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Why did we hand pick Coweys Corner?

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  • Warm country feel to this town venue
  • Very centrally located for exploring Durban and the surrounds
  • Hearty breakfast included, cooking facilities available and restaurants nearby

Coweys Corner

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Price tier (pps): R200  R1500+

Child policy: All ages

In Durban

 

-29.8421, 31.0087

About

The charming red-roofed house at Coweys Corner has been immaculately restored into a modern no-frills bed and breakfast. While the guest house has been decorated with an eye for contemporary detail, rustic features such as rich wooden floors and unpainted doors add a timeless charm which makes you feel right at home.

Although the guest house is situated in the heart of Durban, the rooms have a countryside feel and are pleasantly light and cosy, fitted with conveniences such as air conditioning and DSTV. Free wireless internet ensures that guests stay connected throughout their stay.

In the King-size/twin rooms, the full en-suite bathrooms include spacious showers and free-standing baths. A pull-out single bed makes the rooms ideal for couples with children, without compromising space for couples who don’t have kids. 

Guests will also sleep comfortably in the Queen-size beds of the two double rooms, and have a choice between a room with a bath or one with a shower.

After what will surely be an untroubled night’s sleep, guests head to the dining room to enjoy a hearty breakfast. The standard breakfast is Full English, but those who prefer to go continental can request this in advance. Dinners are also available on request.

Those who want to prepare their own lunches and dinners can make use of a modern, amply-equipped kitchen, and a number of good food and grocery shops are within 200 metres of the guest house. Conveniently for bed and breakfast guests, there are also four restaurants which are just as close. 

A lovely feature of the guest house is a large verandah adjoining the dining room, where guests can sit on comfortable furniture while taking advantage of the mild climate. 

One of the perks of Coweys Corner is its close proximity to most of Durban’s attractions. The buzz of this interesting city, with its historical attractions, rich culture and friendly seaside ambience, will keep visitors thoroughly captivated. The Botanical Gardens, Greyville Race Course and prestigious Royal Durban Golf Club are a gentle walk away, while a five minute drive will take you to the Moses Mabhida Soccer Stadium and Durban’s famous beachfront, with its many shops and restaurants.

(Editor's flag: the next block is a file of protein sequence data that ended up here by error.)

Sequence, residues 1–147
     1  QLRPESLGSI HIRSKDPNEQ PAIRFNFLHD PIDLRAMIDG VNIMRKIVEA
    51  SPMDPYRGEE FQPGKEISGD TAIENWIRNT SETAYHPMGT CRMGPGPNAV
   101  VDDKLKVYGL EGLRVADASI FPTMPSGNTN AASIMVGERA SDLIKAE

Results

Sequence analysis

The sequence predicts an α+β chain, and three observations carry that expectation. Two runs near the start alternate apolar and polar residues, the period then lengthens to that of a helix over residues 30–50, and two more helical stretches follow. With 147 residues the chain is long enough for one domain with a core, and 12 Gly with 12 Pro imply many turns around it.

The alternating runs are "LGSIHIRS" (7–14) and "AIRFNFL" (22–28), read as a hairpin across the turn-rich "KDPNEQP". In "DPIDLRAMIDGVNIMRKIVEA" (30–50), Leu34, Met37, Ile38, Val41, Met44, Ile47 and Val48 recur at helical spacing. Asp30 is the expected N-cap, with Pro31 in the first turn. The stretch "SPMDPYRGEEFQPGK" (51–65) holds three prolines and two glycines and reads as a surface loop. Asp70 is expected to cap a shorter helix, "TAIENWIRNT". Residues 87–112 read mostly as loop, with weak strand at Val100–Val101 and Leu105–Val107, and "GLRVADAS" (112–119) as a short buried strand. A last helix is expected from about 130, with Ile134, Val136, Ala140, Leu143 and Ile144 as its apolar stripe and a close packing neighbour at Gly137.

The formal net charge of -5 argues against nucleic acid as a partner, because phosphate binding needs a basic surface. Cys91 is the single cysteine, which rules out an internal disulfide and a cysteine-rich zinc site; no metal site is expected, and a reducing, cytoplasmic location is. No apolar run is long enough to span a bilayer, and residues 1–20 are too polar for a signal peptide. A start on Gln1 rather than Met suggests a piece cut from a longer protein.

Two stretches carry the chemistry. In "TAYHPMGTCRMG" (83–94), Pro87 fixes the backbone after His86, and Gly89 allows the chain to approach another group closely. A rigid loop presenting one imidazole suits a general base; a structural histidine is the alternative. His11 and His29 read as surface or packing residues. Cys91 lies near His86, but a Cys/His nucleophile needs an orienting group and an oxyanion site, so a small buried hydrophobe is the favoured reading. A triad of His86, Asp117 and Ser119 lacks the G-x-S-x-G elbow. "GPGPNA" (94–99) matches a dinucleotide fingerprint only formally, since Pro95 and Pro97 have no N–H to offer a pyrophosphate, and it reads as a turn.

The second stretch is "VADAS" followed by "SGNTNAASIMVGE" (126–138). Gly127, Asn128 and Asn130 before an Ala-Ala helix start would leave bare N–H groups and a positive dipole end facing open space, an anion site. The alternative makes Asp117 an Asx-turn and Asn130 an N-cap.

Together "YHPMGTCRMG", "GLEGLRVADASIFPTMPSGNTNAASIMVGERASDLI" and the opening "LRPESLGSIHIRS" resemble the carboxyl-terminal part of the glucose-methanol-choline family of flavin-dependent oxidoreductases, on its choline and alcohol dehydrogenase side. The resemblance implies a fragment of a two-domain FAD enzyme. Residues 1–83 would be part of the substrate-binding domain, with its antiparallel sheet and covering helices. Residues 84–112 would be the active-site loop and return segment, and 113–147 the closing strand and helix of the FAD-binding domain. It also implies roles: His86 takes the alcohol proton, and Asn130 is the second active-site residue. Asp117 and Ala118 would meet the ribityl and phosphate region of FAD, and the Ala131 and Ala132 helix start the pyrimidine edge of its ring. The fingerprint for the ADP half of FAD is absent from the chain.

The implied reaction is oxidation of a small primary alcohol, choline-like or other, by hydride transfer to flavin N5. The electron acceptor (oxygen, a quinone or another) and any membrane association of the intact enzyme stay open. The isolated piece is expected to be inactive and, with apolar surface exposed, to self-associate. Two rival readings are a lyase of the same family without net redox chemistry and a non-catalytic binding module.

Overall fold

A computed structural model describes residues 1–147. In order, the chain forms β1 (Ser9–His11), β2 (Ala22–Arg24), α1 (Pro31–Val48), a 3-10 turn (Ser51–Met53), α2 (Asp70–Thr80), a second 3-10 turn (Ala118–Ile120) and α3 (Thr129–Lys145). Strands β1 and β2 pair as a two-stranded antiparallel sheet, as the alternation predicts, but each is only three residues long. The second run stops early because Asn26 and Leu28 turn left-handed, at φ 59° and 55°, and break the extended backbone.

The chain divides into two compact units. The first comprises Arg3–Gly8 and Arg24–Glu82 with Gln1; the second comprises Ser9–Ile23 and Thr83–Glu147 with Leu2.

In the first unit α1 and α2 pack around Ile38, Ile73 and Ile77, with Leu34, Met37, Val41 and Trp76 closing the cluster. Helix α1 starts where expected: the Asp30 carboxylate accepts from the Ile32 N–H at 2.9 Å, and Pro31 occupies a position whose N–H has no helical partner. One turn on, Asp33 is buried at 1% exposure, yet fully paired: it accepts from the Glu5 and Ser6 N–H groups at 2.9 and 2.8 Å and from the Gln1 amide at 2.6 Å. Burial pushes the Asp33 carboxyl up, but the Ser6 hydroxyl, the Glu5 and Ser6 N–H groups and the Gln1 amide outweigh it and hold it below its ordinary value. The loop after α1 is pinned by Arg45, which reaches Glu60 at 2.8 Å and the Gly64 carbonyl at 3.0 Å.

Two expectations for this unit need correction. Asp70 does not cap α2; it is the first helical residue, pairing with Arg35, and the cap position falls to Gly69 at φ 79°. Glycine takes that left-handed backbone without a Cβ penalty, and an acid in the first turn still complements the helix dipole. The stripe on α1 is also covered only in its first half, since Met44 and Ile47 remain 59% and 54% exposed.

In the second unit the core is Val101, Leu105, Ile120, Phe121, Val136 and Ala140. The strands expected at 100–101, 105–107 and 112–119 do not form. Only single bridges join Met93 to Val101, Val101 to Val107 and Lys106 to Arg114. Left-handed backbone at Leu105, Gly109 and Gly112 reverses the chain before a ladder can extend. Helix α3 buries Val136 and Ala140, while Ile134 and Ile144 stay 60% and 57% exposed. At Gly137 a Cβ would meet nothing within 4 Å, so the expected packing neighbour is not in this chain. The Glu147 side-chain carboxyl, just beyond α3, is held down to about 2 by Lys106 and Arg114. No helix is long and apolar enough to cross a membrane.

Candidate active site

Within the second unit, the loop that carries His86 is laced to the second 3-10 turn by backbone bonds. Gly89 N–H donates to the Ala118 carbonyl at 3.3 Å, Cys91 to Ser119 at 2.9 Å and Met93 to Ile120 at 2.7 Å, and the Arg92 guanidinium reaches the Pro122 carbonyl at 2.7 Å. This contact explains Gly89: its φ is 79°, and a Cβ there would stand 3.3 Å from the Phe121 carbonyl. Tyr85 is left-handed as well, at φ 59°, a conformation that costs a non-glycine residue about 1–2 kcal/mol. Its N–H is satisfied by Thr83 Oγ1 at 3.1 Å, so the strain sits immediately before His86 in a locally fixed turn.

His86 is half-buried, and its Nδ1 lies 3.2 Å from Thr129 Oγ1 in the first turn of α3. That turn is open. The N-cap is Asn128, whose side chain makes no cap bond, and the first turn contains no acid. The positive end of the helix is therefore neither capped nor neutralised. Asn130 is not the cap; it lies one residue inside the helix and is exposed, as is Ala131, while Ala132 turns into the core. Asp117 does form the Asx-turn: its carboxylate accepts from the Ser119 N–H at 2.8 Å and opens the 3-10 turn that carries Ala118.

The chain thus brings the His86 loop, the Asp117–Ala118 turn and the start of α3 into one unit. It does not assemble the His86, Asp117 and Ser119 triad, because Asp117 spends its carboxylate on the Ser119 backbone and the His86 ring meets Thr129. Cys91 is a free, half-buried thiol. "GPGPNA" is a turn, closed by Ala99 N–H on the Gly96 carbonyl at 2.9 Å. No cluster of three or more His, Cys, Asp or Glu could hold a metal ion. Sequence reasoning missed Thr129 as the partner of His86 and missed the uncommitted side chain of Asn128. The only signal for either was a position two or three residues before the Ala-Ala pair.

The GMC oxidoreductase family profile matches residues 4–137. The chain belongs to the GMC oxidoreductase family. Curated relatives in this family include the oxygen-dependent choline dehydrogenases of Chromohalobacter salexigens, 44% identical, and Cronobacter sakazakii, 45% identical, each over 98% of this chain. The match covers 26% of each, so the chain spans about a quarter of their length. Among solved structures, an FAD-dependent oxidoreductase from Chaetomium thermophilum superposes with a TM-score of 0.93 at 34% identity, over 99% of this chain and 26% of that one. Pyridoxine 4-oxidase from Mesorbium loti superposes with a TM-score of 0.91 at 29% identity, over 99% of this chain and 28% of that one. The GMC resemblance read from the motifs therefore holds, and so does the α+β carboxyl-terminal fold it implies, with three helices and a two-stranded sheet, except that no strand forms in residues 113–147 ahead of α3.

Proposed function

Drive just a touch further, and you will find attractions such as the family-friendly uShaka Marine World, entertainment and shopping complexes, art galleries, historical monuments, and nature reserves. The ever-present Indian Ocean is a big, warm playground to enjoy everything from fishing to scuba diving, ocean cruises and surfing.

Rates & Summary


3 King/Twin Rooms

Each sleeps 2 in King-size/twin beds
Extra pull-out single bed
En-suite shower and bath

2 Double Rooms

Each sleeps 2 in Queen-size bed
En-suite shower or bath

Pricing

  • For pricing detail, click on CHECK AVAILABILITY & BOOK ONLINE above

Catering

Full English breakfast included in rates
Continental breakfast included by arrangement
Dinner available at extra cost
Guest kitchen can be used for self-catering

Kids

Children of all ages are welcome.

Why Stay Here?

Coweys Corner is centrally situated in Durban’s Berea suburb, offering pleasant bed and breakfast accommodation in well-appointed double rooms on a secure property. The lovingly-restored guest house is ideally suited for visitors seeking comfortable suburban accommodation within touching distance of Durban’s attractions. The wide verandah is especially welcoming and a large, well-equipped guest kitchen is available to guests who want to self-cater.

Summary

  • Warm country feel to this town venue
  • Very centrally located for exploring Durban and the surrounds
  • Hearty breakfast included, cooking facilities available and restaurants nearby

Things to consider Bringing

Sunblock, hat, walking shoes, swimming costume, swimming towels, fishing gear, golf clubs, binoculars for bird watching/dolphin spotting.

Road Conditions

All roads leading to the guest house are tarred.

Activities & Attractions

  • Nearby: Beaches, fishing, Durban Beachfront, uShaka Marine World, scuba diving, golf courses, botanical gardens, bird park, horse trails, mountain biking, nature reserves, urban adrenaline adventures, entertainment and shopping complexes, Moses Mabhida Stadium, historical attractions.

Details

Accommodation & Hospitality

  • Covered verandah / patio
  • Air conditioning
  • Bed linen supplied
  • Bathroom towels supplied
  • Daily housekeeping
  • Laundry service available
  • Ironing service available
  • No smoking indoors

Catering & Kitchen

  • Breakfast (dinner by arrangement)
  • No Restaurant
  • Full Kitchen

Utilities

  • Water supply good for drinking
  • Electric geysers
  • Eskom electricity

Leisure Amenities

  • No swimming pool
  • Satellite television
  • Garden

Business & Connectivity

  • Free Wi-Fi
  • Good cell phone reception

Access & Convenience

  • No babysitting
  • Child friendly
  • No pets allowed
  • Off street parking
  • Nearest shops within 500m
  • Nearest fuel within 1km
  • No shuttle service available

Payment

  • Credit cards accepted
  • EFT accepted
  • Cash accepted

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Map

Blog

Durban & Surrounds

KwaZulu Natal

About